Monday, December 25, 2006

Christmas During The Civil War

The image at left is of a Harper's Weekly cover of a "Civil War Santa Claus giving gifts to soldiers in camp, 1863." I've been immersing myself lately in Civil War history, having just finished Team of Rivals, by Doris Kearns Goodwin. It's an excellent study of what Goodwin calls Abraham Lincoln's "political genius." For Christmas my family gave me Manhunt, about the twelve-day period when John Wilkes Booth was a fugitive, and The Civil War: A Narrative - Fort Sumter to Perryville, by Shelby Foote (the first in a 3-volume set). I'm about 25 pages into Manhunt, and will dig into Foote's work after I finish that.

With both the Civil War and Christmas on my mind, I came across "The Rites of Innocence," by James Robbins, about the way Americans on the side of both North and South saw the world in Christmas 1861. Robbins' sobering final sentences:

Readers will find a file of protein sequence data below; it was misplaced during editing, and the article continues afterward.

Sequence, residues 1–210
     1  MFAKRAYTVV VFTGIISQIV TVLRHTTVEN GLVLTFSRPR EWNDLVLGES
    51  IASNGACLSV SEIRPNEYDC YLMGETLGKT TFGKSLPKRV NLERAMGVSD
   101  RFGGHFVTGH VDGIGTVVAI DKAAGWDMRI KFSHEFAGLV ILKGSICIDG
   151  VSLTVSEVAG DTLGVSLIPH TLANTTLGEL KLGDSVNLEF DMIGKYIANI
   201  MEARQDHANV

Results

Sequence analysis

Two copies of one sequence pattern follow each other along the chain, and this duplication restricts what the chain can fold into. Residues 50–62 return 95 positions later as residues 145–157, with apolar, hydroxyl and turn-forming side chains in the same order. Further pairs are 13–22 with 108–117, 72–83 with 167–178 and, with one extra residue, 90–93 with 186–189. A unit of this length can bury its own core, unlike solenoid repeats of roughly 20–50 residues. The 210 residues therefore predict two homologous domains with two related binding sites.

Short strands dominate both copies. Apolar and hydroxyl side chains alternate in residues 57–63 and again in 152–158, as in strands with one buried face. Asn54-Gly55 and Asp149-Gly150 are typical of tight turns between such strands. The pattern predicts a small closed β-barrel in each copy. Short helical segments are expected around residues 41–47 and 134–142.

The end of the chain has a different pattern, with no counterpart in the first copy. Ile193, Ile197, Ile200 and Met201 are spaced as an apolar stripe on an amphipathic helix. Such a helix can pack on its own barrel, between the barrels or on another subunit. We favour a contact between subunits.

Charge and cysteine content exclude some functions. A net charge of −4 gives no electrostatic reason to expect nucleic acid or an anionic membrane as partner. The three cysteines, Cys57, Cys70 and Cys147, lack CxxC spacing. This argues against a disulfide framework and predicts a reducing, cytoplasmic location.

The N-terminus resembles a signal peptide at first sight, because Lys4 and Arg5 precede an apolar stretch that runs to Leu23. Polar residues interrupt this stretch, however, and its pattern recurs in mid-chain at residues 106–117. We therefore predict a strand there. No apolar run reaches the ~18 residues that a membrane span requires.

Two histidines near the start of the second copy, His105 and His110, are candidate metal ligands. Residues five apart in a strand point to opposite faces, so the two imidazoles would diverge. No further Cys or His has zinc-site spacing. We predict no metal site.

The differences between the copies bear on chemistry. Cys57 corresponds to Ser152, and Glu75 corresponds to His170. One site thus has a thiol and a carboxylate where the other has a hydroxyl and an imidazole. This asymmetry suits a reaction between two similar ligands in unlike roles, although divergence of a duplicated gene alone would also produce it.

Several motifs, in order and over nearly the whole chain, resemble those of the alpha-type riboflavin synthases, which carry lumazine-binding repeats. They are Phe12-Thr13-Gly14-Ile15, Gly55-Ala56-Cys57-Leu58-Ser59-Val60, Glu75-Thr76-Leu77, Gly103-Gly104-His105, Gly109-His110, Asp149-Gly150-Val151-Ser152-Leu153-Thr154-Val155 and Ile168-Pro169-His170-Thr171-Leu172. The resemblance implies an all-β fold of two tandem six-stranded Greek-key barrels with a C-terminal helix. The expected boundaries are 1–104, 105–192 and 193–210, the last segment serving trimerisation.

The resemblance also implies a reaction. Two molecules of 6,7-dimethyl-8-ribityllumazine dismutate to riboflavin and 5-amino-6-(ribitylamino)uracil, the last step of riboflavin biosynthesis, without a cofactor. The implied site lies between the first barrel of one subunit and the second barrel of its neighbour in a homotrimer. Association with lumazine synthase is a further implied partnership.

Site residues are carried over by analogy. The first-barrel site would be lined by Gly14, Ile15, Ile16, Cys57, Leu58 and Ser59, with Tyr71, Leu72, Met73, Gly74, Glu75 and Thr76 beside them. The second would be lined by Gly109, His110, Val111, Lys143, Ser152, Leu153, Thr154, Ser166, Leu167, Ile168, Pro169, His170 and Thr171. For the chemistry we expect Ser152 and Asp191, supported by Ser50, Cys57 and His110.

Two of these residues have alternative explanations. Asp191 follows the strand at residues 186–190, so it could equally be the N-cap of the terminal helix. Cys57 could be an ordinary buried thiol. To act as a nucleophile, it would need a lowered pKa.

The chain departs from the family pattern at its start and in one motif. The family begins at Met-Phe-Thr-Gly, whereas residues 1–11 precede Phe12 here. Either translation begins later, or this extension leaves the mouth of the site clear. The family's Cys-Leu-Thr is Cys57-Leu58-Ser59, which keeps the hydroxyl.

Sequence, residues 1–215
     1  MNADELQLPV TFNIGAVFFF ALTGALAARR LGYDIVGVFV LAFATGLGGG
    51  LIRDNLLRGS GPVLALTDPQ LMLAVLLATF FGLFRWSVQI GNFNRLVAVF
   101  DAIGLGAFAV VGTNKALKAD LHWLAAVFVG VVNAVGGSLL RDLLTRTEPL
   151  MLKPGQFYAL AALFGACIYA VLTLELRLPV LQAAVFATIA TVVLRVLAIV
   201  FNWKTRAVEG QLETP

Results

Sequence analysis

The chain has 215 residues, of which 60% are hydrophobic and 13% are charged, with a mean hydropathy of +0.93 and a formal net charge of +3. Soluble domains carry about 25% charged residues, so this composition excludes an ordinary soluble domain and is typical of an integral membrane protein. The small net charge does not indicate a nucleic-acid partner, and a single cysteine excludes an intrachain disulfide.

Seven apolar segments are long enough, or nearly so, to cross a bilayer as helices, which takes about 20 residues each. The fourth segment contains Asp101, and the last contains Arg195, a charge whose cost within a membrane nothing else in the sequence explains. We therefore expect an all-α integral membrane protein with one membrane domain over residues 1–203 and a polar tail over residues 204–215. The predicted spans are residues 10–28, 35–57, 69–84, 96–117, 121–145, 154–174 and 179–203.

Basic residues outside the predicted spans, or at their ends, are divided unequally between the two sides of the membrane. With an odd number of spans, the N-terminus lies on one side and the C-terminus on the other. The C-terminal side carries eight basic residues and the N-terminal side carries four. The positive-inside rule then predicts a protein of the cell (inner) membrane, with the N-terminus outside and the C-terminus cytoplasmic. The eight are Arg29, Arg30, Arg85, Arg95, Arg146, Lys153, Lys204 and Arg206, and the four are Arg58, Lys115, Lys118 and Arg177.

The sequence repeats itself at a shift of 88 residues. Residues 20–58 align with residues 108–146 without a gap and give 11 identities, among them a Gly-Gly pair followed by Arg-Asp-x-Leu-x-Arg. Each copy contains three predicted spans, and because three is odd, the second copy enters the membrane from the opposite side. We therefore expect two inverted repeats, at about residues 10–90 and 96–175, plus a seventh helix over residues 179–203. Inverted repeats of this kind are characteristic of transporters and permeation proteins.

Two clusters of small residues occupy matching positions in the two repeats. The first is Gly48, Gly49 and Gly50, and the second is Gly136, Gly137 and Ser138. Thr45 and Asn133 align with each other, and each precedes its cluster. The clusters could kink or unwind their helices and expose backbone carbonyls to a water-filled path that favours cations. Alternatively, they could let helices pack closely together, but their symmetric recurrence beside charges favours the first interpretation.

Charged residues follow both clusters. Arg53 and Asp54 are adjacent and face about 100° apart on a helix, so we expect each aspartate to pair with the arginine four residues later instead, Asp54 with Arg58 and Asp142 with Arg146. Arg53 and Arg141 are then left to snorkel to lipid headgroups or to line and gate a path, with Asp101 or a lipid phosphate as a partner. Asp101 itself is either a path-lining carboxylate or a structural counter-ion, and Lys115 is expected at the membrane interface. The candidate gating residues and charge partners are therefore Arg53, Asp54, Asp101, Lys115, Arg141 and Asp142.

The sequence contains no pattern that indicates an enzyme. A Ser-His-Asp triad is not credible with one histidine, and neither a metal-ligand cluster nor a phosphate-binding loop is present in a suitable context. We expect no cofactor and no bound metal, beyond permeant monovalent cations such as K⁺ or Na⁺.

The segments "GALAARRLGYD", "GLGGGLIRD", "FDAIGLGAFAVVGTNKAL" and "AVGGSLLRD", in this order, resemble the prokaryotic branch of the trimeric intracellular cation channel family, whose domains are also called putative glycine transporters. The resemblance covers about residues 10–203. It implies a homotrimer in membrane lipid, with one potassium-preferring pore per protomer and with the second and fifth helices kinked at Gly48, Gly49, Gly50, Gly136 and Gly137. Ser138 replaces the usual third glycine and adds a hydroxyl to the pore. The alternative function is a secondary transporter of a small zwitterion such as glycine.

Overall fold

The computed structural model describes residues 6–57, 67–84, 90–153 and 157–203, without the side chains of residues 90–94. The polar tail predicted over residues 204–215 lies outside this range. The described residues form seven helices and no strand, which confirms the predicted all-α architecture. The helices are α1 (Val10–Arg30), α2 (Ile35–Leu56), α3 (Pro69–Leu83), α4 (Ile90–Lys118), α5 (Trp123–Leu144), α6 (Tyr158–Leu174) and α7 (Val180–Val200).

Few wars end as they were intended at their start. By Christmas 1861, one could no longer accept the idea that the contest between north and south would be a brief, painless, and chivalrous struggle. The feasts, the merrymaking, at home and at the front, these were the final rites of innocence. In the new year there would be deadly work to be done.
In the same issue of NRO I found "A Lincolnian Christmas," by Michael Novak, which draws some interesting parallels between Christmas 1863 and Christmas 2006. Novak's article brought to mind the many who are now braying that George W. Bush has already sealed his legacy as one of the worst American presidents ever. They should read Novak's piece. It might inspire them to greater circumspection.

Both articles are great reads and will add some reflective moments to your Christmas.


Blogger The Kosher Hedgehog said...

Lowell, I count the reading of Shelby Foote's entire three-volume history, The Civil War , as one of the peak literary experiences of my lifetime. It is a wonderful work, although Foote joked that it took longer for him to write the history than it took to fight the actual war. In reading it, however, one cannot help but compare the passion and idealism found on both sides of that desperate conflict to the utter lack of seriousness that pervades our society, even as it faces a mortal threat from Islamic jihad. Will the United States and the Western world find the resolution to meet this test, or has our time passed? 

Posted by The Kosher Hedgehog

Tuesday, December 26, 2006 1:07:00 AM  

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